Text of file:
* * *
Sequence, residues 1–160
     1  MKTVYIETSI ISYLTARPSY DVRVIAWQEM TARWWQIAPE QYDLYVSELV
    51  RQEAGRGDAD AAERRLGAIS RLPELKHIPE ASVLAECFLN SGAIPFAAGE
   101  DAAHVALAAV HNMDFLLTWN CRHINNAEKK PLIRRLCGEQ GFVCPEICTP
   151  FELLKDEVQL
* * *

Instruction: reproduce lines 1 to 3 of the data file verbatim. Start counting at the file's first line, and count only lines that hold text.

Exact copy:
Sequence, residues 1–160
     1  MKTVYIETSI ISYLTARPSY DVRVIAWQEM TARWWQIAPE QYDLYVSELV
    51  RQEAGRGDAD AAERRLGAIS RLPELKHIPE ASVLAECFLN SGAIPFAAGE